An African-American man is caught between his own demons and those of 1950s American society in this historical novel. Jones (Tembo Makaburi, 2017, etc.) tells the story of 24-year-old Bobby Lincoln, who lives in the coastal town of Palm Harbor in 1955 Florida.
With few jobs and no education available to him, he ekes out a living by fishing and doing any other work that he can find, often using his boat. But it’s not enough for him or his common-law wife, Idella, who keeps threatening to leave him if he doesn’t become a more effective breadwinner.
None of this is helped by his own love of gambling and his tendency to keep company with some of the town’s best-known criminals. When a local gangster offers him $2,450 to take part in a serious crime, Bobby knows that it would break the heart of his deeply religious mother and disappoint a smart teenage boy who idolizes him.
But he also believes that it might be his only chance to keep his wife and get back some self-respect. One little boat ride quickly turns into a nightmare that consumes Bobby’s life even as he tries to conceal it from others. As the situation spirals further out of control, he finds that there may still be a way to get the redemption he seeks, even if it takes divine intervention.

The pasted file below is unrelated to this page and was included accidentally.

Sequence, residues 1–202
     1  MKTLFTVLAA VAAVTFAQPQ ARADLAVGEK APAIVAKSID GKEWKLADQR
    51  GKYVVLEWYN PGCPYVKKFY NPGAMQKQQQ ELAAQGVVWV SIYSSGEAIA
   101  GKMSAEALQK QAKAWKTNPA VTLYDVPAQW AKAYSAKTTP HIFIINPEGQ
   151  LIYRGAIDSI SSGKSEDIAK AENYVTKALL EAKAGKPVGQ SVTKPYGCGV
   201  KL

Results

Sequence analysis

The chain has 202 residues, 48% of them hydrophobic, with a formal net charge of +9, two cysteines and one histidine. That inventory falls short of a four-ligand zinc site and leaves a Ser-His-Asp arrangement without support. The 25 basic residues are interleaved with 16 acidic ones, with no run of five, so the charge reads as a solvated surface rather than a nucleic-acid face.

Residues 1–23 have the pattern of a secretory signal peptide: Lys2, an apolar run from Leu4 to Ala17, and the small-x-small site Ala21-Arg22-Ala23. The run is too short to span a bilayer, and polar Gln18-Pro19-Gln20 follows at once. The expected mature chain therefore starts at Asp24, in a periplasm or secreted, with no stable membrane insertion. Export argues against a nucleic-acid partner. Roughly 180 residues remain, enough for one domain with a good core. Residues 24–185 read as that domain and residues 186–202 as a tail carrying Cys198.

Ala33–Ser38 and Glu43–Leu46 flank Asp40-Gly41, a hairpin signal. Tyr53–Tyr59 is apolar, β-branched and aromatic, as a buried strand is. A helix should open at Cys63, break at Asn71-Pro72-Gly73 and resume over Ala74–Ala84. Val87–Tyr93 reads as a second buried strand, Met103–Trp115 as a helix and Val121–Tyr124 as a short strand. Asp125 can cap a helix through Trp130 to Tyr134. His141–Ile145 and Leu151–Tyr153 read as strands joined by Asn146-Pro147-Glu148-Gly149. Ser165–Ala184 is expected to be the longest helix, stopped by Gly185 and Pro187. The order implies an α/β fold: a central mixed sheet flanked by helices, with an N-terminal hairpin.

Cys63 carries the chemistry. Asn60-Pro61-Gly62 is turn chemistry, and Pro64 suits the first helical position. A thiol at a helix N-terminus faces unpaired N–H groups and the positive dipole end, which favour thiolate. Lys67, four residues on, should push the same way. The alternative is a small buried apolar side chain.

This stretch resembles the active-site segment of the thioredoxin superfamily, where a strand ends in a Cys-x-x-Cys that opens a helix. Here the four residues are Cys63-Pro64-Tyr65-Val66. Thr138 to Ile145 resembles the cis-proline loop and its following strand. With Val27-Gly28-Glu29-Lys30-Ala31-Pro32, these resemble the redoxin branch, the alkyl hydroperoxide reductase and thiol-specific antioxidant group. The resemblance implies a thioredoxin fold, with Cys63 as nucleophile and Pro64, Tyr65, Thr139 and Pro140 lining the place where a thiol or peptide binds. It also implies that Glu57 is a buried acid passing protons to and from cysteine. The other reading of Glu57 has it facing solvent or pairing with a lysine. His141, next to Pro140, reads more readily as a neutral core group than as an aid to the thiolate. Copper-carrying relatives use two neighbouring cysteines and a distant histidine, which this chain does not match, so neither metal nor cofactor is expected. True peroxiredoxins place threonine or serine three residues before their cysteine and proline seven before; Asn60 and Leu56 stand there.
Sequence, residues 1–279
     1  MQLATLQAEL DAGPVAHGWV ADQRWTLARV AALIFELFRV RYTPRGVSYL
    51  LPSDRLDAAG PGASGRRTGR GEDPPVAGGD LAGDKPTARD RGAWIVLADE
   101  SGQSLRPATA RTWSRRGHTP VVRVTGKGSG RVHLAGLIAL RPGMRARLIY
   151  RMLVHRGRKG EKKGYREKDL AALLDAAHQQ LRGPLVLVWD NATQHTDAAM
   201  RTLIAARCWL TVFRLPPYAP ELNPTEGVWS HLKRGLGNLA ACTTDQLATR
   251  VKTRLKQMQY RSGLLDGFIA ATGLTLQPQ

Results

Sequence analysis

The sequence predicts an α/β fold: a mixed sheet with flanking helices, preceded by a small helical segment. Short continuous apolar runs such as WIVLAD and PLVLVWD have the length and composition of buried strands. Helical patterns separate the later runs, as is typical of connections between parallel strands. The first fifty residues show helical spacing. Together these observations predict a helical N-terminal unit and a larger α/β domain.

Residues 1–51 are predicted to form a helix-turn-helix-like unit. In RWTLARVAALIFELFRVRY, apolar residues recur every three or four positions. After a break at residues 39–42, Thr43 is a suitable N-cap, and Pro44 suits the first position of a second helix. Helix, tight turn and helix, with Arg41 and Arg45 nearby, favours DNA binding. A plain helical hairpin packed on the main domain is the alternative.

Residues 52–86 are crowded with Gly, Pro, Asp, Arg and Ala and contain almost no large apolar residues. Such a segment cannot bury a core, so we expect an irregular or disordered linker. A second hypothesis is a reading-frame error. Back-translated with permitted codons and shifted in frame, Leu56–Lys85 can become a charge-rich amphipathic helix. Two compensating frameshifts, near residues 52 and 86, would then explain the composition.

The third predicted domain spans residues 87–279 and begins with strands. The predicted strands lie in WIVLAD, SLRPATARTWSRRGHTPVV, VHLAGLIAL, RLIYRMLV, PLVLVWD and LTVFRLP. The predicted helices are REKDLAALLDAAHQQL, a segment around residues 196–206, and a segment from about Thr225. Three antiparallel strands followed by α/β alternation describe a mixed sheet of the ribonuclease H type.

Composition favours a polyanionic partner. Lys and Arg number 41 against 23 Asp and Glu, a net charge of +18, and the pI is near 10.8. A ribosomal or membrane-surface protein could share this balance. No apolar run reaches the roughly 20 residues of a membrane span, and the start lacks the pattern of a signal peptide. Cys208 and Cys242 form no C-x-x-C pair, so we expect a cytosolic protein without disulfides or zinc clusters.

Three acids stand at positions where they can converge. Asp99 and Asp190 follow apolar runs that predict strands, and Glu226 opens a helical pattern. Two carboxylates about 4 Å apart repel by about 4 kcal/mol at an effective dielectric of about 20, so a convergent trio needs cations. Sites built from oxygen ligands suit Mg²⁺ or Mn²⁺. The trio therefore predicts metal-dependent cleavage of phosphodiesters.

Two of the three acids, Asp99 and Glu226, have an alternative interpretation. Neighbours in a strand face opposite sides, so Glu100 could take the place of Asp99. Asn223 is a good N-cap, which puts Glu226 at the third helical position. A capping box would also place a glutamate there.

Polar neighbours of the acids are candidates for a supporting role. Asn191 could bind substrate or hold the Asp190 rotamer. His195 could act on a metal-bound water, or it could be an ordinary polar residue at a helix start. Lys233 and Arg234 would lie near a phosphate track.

Overall, this book is well-paced, drawing readers into its time period without slowing the story down with excessive description. Bobby is a believable and mostly sympathetic protagonist; his personal character flaws are many and glaring, but it’s enjoyable to watch him struggle to overcome them.
The book’s flaws, by comparison, are relatively small: the author tends to use double exclamation marks in dialogue when they’re not necessary, and he often tells readers what characters are feeling (“He liked being around him because he knew the teenager looked up to him”) instead of showing it through their actions. By and large, though, the story rises above these issues.